Gloucestershire 311 defeated Sussex 145 by 166 runs (J Taylor 106, O Price 95, Crocombe 4-63).
In the Metro Bank One Day Cup, Gloucestershire, led by Ollie Price and Jack Taylor, improved their net run rate and won their fifth game in a row by defeating the Sussex Sharks by 166 runs at the 1st Central County Ground in Hove.
This was Sussex’s fifth loss in six games, another crushing one as they were bowled out in just 25 overs, and they appeared to be a team without confidence. This was another failure for Sussex to build on their good record in this league last season.
Their coach, Paul Farbrace, was forced to lament their performance: “We were out-batted, out-bowled, and out-fielded, and that’s what we just discussed in the changing room.” They are aware that they have embarrassed themselves.
The worst of the bunch was that. At this moment, we declare que there is no further we can sink than that. Now, there is only one direction left to go: up. We began out well with the bat and fielded terribly before giving up. We forfeited our wickets.
As they chased a huge Gloucestershire total, they lost interest in the match. Tom Alsop, who was short of runs in the match, was run out by a direct hit by Paul van Meekeren at mid-on as he attempted to scurry a quick single. Tom Haines, who was driving without moving his feet, was caught at cover in the fifth over.
Harrison Ward took a chance with his arm, hitting four fours and a six in a shaky 27 off 19 balls, but he was then lbw as he fell over trying to navigate a full delivery from Matt Taylor, who was making a comeback after recuperating from an infected toe. The decision to give James Coles the nod over Danial Ibrahim did not work out; the batsman was lbw for only six.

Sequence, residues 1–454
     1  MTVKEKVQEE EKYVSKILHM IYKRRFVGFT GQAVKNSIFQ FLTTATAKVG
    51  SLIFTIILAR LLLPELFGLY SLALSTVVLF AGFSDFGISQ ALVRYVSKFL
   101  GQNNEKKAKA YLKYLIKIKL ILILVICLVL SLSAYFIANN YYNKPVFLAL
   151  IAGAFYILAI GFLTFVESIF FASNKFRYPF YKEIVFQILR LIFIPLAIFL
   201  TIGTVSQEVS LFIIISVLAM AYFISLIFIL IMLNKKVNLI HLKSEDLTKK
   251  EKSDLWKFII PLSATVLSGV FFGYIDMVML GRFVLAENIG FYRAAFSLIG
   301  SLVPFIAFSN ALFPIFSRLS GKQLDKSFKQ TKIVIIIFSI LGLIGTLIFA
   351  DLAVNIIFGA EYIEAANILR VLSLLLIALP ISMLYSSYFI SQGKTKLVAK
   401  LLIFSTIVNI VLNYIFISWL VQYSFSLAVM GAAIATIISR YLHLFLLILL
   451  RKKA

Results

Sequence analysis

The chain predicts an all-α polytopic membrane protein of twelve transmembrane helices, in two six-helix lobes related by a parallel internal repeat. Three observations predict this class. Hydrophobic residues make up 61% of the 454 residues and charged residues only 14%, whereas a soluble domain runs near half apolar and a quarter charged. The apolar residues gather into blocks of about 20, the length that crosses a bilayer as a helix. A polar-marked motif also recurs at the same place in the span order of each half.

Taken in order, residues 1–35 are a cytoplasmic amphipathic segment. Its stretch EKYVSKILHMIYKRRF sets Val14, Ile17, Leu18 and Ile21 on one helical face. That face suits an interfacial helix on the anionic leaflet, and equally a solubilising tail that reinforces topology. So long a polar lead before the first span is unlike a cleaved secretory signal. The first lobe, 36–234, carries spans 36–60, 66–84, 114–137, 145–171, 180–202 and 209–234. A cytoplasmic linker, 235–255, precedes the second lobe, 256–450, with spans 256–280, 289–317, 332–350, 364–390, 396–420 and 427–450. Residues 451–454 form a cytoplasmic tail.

With Cheteshwar Pujara churning along and the necessary run rate rising steadily, Coles was under pressure to provide something extraordinary. Thanks to a six and two fours in his 17-ball 23, he appeared to be in the mood to do so as well. But then Ollie Price made a stunning catch of him. When Price running around from fine leg took the catch two-handed just inside the rope while trying to drag van Meekeren, Sussex was reeling at 88 for five.
Despite some lusty smashes from Fynn Hudson-Prentice, who was dismissed by another great boundary grab by Ollie Price, when Pujara was sixth out at 126, lbw to Tom Smith, it was realistically all over.
Ollie Price and Jack Taylor’s strong partnership of 128 runs in just 13 overs helped Gloucestershire reach their high total.
Price’s 95 of 88 balls, which included 11 fours, is really amazing. Alongside Taylor, whose 106 came at a rate of almost two runs every ball, he appeared practically sluggish.
Taylor faced just 54 deliveries and smashed eight fours and seven sixes, adding to his two fifty-plus scores and 121 against Worcestershire this season. He appeared to be impossible to bowl to at times, particularly when targeting the east side of the ground’s short boundary.
Prior to James Bracey, who was in top form after his recent 224 against Somerset, Gloucestershire had lost Chris Dent in the second over. Before cutting Jack Carson to Pujara at backward point, Bracey blasted a fluent 41 that included five fours and a six. The innings was in jeopardy at 127 for four in the 19th over as Miles Hammond, playing his first List A game in four years, was stumped for 19 and Graeme van Buuren quickly went lbw to Ibrahim for a duck.
The game was subsequently turned in Gloucestershire’s favor by Price and Taylor, the most notable of which was a lofted straight six by Taylor off Hudson-Prentice that flew over the media center and into the parking lot at the sea end.
Not for the first time in this competition, Sussex’s bowling was subpar. The gratification of returning to the attack to pick up four wickets, his finest performance in List A cricket, however, came at the expense of Henry Crocombe, whose first three overs had been lost for 37 runs.
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